In presenting to the reader the testimony of the apostle Paul to a doctrine which he evidently considered as the very basis of Christian truth, I shall, for the present make no citations from the Epistle to the Hebrews. The following passages, selected from
Conc. Schleusner's explanation of this substantive is quite in point: he says that it signifies, 1st. Propitiatio, expiatio, seu actio quá læsus et offensus placatur; and 2ndly, Id quod vim expiandi habet, is, qui expiat, sacrificium pro peccatis expiandis oblatum, victima expiatoria: vide lex. in voc. In Rom. iii, 25, the word denoting propitiation is iλaorýgion, which is best understood as an adjective, agreeing with Jõua or iɛgsïov (a sacrifice) understood; in which sense the word is used by Josephus, in Mac. 18; see Magee on Atonement, 3rd ed. i, 222.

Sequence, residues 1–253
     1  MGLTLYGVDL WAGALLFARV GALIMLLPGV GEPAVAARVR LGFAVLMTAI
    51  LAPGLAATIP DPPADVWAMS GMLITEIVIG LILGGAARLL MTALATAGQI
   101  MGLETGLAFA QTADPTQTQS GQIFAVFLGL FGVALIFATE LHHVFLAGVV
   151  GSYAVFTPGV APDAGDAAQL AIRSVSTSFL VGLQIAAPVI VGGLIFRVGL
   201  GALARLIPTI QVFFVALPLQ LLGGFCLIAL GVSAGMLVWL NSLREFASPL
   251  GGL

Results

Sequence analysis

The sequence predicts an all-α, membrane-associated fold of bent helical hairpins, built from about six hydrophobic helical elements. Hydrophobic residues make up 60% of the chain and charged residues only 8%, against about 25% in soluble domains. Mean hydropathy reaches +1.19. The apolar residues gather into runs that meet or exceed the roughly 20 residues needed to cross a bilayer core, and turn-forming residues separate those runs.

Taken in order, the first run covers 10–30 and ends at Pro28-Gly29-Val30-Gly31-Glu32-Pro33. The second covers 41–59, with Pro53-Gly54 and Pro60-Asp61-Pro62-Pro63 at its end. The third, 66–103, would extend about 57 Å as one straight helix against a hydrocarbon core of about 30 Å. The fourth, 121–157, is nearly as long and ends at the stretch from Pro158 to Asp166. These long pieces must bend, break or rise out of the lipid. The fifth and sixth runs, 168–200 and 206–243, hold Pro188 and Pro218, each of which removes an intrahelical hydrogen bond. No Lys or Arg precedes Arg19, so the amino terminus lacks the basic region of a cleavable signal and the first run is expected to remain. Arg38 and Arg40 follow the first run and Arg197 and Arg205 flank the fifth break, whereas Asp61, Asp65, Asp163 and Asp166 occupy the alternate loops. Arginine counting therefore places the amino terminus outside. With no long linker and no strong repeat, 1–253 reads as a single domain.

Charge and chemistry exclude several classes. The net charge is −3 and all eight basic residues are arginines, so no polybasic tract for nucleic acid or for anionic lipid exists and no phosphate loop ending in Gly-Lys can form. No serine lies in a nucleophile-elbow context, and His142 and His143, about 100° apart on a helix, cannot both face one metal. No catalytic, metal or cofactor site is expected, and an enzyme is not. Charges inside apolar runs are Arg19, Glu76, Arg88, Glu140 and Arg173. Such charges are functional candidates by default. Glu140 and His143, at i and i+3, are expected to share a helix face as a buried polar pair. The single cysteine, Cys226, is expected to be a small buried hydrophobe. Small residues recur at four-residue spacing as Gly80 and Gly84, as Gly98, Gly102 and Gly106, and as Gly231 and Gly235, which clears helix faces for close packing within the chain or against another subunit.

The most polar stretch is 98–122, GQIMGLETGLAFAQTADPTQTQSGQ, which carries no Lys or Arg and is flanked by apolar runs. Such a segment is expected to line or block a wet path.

of the Apostle Paul,
[Ess. XI. his other Epistles (in addition to Rom. iii, 23—26, already quoted) I consider to be of a very satisfactory and conclusive character. "When we were yet without strength, in due time Christ died for the ungodly. For, scarcely for a righteous man will one die: yet peradventure for a good man some would even dare to die but God commendeth his love towards us, in that, while we were yet sinners, Christ died for us. Much more, then, being now justified by his blood, we shall be saved from wrath through him :" Rom. v, 6-9. "For I delivered unto you, first of all, that which I also received, how that Christ died for our sins according to the Scriptures :" 1 Cor. xv, 3. "God was in Christ reconciling the world unto himself,* not